VIEW-1141.1 | Railway on the ice over St. Lawrence River, Montreal, QC, 1880
Railway on the ice over St. Lawrence River, Montreal, QC, 1880
William Notman (1826-1891)
1880, 19th century
Silver salts on paper mounted on paper - Albumen process
10 x 8 cm
Purchase from Associated Screen News Ltd.
© McCord Museum
Keywords: Photograph (77678) , rail (370) , Train (185) , Transportation (2517)
Keys to History
This freight train is crossing the river between Montreal and Longueuil on ice! On January 30, 1880, the newly formed Compagnie de Traverse de Chemin de fer d'Hochelaga à Longueuil opened an ice railway linking Montreal and the South Shore. Ice roads had long been built each winter to allow horse-drawn wagons and pedestrians to cross, but this was the first time that rail tracks were laid.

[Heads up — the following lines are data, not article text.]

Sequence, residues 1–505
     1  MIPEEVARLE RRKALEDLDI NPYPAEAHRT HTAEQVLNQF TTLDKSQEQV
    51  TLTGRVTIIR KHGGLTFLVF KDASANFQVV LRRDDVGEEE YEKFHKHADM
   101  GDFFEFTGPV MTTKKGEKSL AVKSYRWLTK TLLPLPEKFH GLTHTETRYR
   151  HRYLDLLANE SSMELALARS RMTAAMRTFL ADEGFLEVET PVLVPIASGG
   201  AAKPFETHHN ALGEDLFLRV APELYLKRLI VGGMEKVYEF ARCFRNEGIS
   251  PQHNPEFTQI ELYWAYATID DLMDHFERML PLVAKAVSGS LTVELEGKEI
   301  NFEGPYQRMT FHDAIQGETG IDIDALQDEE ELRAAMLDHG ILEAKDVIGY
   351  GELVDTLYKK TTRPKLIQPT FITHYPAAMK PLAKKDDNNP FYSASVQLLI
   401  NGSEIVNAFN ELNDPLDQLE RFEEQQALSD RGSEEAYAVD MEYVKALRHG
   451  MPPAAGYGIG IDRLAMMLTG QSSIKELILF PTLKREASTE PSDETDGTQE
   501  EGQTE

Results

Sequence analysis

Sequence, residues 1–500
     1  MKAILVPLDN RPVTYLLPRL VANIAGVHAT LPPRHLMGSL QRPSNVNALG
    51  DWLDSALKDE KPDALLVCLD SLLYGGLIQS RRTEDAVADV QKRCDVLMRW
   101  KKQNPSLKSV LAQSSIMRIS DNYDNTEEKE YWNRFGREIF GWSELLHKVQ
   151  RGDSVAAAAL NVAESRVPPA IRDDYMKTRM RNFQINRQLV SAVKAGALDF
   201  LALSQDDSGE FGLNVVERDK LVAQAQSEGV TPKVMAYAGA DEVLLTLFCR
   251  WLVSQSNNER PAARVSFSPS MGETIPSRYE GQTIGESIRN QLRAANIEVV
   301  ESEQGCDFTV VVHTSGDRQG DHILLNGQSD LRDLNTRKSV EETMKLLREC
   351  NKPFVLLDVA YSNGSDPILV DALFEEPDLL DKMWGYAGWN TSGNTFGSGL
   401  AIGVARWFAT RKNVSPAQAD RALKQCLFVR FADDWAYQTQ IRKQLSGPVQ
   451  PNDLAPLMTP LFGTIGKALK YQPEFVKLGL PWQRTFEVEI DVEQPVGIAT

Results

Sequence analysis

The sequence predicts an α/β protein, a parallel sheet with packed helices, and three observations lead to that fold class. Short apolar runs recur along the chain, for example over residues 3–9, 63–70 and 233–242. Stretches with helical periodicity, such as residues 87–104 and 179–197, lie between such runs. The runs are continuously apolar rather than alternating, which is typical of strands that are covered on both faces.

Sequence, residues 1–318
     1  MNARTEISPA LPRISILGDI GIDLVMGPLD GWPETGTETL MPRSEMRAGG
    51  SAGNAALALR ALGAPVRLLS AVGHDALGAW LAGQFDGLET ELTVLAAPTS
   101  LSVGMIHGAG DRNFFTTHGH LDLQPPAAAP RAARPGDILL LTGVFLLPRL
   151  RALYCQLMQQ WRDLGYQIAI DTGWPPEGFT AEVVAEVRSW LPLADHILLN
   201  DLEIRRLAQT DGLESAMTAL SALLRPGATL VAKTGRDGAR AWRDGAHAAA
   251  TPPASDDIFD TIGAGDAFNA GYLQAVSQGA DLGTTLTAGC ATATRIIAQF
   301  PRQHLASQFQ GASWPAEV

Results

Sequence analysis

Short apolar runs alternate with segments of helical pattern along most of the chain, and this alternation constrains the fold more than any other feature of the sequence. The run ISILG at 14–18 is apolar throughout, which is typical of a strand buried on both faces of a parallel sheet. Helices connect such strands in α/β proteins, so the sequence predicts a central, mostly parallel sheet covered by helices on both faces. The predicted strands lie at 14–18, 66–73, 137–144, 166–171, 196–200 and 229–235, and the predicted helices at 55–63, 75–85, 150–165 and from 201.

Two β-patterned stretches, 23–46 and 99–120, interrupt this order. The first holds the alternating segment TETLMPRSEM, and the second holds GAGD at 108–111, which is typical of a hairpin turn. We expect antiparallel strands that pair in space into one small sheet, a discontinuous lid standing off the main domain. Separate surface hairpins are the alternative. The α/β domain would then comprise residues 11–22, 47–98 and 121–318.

The following year, this temporary rail service was disrupted by what could have been a disastrous accident. On January 5, 1881, the ice suddenly gave way beneath the locomotive. The passengers barely had time to flee the train before the engine car sank beneath the icy waters.
Source : Disasters and Calamities [Web tour], by Nathalie Lampron (see Links)
The ice railway was three kilometres long in all. It ran for two kilometres over the river ice, with a half-kilometre access route on either shore, at Hochelaga and Longueuil.
The ice railway linked the South Eastern Railway network on the South Shore with the Quebec, Montreal, Ottawa & Occidental line on the Island of Montreal.
The ice railway operated during four winters, from 1880 to 1883, until the Grand Trunk Railway authorized other train companies to use the Victoria Bridge to cross the river.
The ice railway was the brainchild of Louis-Adélard Senécal, businessman, politician and superintendent of the Quebec, Montreal, Ottawa & Occidental railroad.